Seen & Read: January 9, 2014
Food Arts Staff - January 9th, 2014
30 Under 30, Forbes
We took a look at who Forbes’ celebrated in the 2013 food and beverage world for their third installment, including Luke Lobster proprietor Luke Holdon, The Little Nell hotel’s wine director Carlton McCoy, and bartender extraordinaire Jack McGarry of NYC’s Dead Rabbit. —Abbe Lewis, associate editor
The Quest for a Natural Sugar Substitute, New York Times Magazine
How hard is it to make a natural, tasty diet cola? Really, really hard, as this article details the ongoing quest for a zero calorie, natural sugar substitute that still tastes good. —Beverly Stephen, executive editor
3-D Food Printers Create Sweets and Chocolates, BBC.com
Ready yourself, techno-chefs. Food-safe printers are making their debut on the market later this year, able to print chocolate and sugar–based confections that silicone molds just can't manage. I'm not sold on the idea of eating ravioli from a printer, yet I can't wait to see what shapes future sugar cubes may take. Watch the video to see some of the designs. —Jacqueline Sainsbury, manager, Food Arts online
Tamales on the Delta, New Yorker
Calvin Trillin visits Greenville, Mississippi, the Hot Tamale Capital of the World for the Delta Hot Tamale Festival and reports with the kind of tongue-in-cheek good humor only he can muster. —B.S.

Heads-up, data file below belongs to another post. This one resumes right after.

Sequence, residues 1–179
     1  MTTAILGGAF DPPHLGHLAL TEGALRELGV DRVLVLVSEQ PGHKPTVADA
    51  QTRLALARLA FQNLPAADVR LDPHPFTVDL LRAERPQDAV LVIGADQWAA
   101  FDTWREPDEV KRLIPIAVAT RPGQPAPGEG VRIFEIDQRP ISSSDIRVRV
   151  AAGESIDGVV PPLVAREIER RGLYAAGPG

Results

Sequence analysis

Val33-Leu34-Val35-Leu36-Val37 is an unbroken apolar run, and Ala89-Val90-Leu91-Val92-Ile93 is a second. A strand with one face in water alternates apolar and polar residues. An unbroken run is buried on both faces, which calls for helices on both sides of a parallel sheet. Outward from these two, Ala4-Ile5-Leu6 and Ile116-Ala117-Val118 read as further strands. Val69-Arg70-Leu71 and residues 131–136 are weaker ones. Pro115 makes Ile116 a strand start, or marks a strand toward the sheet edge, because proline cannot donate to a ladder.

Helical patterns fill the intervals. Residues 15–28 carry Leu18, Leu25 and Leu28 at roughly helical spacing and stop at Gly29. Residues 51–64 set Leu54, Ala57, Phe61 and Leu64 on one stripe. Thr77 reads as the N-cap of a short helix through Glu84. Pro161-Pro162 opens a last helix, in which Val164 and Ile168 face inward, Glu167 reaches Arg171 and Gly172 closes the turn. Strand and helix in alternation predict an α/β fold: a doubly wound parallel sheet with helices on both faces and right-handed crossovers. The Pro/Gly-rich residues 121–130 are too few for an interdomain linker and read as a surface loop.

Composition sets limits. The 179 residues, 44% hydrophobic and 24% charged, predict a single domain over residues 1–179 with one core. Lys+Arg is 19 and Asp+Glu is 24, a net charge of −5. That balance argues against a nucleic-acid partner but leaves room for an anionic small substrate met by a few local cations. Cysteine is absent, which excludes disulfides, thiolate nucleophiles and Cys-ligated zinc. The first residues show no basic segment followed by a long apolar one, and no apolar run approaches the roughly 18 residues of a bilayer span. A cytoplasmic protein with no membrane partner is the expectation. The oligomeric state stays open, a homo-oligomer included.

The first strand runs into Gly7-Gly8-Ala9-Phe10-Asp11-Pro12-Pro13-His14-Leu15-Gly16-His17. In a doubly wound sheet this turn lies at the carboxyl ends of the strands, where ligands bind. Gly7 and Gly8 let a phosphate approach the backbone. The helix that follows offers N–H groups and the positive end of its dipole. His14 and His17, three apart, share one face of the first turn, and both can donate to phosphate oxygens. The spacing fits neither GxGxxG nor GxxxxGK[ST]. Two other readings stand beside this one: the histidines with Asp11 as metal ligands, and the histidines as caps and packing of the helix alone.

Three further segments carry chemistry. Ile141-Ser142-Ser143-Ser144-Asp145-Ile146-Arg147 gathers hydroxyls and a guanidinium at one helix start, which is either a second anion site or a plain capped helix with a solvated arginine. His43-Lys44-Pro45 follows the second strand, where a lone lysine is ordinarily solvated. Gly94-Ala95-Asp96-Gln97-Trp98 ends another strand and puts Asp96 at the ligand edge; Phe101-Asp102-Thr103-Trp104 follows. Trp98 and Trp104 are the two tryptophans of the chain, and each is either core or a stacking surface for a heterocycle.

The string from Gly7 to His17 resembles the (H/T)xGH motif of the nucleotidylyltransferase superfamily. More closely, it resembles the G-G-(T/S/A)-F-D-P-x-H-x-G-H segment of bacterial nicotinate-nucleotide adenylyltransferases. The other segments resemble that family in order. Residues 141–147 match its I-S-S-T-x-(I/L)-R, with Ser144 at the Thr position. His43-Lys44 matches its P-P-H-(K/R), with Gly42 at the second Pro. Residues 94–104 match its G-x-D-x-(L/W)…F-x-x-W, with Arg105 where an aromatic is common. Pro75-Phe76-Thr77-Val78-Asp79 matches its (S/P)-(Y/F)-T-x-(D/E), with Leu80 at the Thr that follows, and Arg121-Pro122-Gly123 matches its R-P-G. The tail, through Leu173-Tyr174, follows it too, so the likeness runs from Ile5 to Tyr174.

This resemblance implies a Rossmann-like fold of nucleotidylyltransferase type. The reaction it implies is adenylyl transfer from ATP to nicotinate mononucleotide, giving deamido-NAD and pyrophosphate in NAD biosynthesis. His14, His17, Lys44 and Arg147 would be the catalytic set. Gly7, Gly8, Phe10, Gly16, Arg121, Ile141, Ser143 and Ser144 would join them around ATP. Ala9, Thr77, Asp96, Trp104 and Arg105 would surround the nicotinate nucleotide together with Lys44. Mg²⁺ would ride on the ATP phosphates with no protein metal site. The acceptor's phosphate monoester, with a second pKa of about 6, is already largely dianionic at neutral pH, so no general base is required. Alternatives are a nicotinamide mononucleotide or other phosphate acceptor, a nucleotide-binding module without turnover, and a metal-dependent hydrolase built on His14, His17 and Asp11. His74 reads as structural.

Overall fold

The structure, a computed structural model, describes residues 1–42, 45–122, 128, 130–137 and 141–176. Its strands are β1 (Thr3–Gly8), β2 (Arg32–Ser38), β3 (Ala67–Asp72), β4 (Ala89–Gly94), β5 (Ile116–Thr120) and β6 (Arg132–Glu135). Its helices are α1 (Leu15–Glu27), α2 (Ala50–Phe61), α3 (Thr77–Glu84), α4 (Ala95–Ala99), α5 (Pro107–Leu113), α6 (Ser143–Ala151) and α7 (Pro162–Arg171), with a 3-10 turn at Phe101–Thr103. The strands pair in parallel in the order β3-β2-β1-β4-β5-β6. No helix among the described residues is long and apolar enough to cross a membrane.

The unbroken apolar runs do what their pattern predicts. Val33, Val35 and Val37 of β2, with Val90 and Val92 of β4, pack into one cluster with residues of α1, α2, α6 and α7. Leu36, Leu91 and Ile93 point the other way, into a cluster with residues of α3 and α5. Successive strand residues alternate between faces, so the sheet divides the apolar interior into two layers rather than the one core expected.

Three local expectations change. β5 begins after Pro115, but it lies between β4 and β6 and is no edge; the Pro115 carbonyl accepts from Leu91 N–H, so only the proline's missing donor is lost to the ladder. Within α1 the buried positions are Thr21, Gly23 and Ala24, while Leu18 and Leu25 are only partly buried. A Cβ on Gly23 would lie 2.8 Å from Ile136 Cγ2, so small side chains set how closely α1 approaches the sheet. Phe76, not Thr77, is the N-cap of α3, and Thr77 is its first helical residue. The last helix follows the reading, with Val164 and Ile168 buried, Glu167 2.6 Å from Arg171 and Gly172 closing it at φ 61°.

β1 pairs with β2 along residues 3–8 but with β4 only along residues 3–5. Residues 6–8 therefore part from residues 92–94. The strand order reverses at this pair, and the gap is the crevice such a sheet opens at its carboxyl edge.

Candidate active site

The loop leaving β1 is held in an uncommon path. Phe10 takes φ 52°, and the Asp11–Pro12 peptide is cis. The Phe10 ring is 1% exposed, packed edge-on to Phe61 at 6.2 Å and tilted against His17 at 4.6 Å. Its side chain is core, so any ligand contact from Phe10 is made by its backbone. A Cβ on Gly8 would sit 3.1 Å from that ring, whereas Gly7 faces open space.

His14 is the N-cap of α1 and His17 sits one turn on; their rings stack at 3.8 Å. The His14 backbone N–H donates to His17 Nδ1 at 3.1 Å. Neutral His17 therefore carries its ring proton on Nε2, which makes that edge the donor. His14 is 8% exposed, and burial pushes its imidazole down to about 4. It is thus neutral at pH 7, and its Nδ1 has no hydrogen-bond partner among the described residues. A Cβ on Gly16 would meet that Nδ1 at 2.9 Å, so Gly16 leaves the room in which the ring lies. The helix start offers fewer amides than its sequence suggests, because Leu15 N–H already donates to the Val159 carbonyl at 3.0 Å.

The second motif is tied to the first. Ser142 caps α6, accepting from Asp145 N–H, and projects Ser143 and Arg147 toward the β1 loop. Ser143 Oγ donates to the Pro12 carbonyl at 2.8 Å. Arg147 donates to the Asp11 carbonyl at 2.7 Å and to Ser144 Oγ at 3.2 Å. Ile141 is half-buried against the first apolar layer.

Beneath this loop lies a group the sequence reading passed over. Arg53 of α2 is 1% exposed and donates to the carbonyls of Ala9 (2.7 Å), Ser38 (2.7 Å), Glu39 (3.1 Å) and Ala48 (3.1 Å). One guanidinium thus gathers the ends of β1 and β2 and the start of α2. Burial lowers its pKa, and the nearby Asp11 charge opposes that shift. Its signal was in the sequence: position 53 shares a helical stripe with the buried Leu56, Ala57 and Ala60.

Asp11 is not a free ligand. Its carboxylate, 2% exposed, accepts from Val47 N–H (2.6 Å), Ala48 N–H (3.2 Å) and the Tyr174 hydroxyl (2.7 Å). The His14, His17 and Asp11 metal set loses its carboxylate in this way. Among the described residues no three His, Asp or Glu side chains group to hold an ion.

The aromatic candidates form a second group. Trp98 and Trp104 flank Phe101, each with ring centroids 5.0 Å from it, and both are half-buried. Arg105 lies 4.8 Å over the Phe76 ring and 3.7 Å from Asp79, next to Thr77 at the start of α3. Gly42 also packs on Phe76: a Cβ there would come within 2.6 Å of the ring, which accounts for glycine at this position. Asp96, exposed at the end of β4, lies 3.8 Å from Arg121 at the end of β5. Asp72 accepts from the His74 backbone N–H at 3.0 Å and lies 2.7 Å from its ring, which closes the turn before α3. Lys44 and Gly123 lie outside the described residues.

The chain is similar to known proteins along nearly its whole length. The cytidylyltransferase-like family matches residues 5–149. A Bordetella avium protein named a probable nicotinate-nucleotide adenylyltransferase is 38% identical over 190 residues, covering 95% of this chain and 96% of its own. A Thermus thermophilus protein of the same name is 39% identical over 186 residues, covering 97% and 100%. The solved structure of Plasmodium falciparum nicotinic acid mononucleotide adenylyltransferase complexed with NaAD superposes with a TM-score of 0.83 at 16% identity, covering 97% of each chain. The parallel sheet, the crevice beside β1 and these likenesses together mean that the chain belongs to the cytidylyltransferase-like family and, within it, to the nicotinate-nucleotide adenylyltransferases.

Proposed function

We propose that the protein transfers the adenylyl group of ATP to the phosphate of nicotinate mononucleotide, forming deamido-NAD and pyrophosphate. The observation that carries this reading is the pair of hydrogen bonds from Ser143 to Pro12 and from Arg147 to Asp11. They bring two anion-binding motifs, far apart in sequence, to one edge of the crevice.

Say Cheese, New Yorker
Amusing interview with Nathan Myhrvold in the lobby of the Ace Hotel re: the publication of his "The Photography of Modernist Cuisine," as he attempts to photograph a muffin perfectly. —B.S.
Love Blooms on Dating Website for Farmers, San Francisco Chronicle
Single (and a farmer), and ready to mingle? Not to worry, there’s a new dating service tailored for you. —A.L.
Honeybee Shortage Threatens Crop Pollination in Europe, BBC.com
Research has shown that more than half the countries in Europe no longer have enough honeybees to pollinate their crops, needed, among other reasons, to meet the booming demand for biofuels. The United Kingdom, Finland, Moldova, and the Baltic states clock in with less than a quarter of the honeybees required. —J.S.